Wheldrake is a village and civil parish located 7 miles (11 km) south-east of York. According to the 2001 census the parish had a population of 1,909.
The parish of Wheldrake covers an area of 4,300 acres (17 km2). It was established before 1066 and after being largely in the possession of Fountains Abbey in the Middle Ages, it became part of a landed estate until the mid 20th century. It has a significant conservation area and a nature reserve of international importance. This, named Wheldrake Ings, is a mile east of the village, and is where many wild flowers flourish and rare birds prosper.
From 1894 until 1935, Wheldrake was located in Escrick Rural District. In 1935 the Escrick Rural District was abolished and its place was taken by Derwent Rural District which administered the local area until the nationwide municipal reorganization of 1974. From 1974 until 1996, Wheldrake was in the Selby District of North Yorkshire. In 1996 the City of York, a unitary authority, expanded its borders to include Wheldrake.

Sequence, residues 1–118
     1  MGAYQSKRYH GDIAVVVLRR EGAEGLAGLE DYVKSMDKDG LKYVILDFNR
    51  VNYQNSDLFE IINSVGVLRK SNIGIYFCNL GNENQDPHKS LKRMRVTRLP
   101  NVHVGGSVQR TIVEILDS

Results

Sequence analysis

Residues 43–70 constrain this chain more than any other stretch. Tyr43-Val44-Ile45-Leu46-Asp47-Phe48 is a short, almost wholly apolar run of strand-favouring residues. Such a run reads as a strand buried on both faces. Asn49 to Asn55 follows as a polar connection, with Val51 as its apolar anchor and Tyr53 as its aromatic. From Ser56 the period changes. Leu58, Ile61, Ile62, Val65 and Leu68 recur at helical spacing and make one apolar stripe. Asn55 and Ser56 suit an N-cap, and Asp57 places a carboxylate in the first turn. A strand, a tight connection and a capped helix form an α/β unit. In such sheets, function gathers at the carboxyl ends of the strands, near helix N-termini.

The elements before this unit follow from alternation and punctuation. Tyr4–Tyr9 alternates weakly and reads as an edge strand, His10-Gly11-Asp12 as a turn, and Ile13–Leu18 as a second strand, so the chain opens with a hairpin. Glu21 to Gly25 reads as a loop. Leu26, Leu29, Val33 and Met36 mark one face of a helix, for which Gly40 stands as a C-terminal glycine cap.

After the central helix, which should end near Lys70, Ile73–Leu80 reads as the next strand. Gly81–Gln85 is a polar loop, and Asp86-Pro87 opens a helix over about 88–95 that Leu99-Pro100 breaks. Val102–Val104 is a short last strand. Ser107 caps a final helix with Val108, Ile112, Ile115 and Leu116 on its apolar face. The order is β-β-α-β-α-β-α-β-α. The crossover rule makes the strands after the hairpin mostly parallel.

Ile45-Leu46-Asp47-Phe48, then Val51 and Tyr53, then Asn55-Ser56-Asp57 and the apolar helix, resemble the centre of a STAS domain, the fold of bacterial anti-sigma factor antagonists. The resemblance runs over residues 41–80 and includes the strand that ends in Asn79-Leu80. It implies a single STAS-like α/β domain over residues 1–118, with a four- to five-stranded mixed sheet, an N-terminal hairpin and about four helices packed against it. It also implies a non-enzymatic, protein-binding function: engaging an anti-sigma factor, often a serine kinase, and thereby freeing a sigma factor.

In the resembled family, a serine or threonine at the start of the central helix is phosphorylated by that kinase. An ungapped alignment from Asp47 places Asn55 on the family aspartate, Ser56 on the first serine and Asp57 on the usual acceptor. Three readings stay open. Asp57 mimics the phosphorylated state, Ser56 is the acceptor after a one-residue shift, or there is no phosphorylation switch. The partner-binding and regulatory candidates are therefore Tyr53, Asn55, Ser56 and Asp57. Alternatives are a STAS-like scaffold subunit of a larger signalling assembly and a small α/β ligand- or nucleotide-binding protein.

Historically, Wheldrake was an ecclesiastical parish in the wapentake of Ouse and Derwent.
The Wheldrake Ings are part of the internationally significant nature reserve of the Lower Derwent Valley which is a site of special scientific interest (SSSI) and a Ramsar Convention site. The Ings are areas of flood meadows along the river Derwent which flood seasonally and are rich in wildlife. They are mainly recognised for their significant collection of birds but they also support significant collections of mammals, plants and invertebrates.
Wheldrake Woods in the north of the parish was planted by the Forestry Commission and has mainly conifer trees. The open cultivated agricultural land is not species-rich but the hedgerows, field margins and roadside verges support some small mammals and an increasing number of grasses and flowering plants.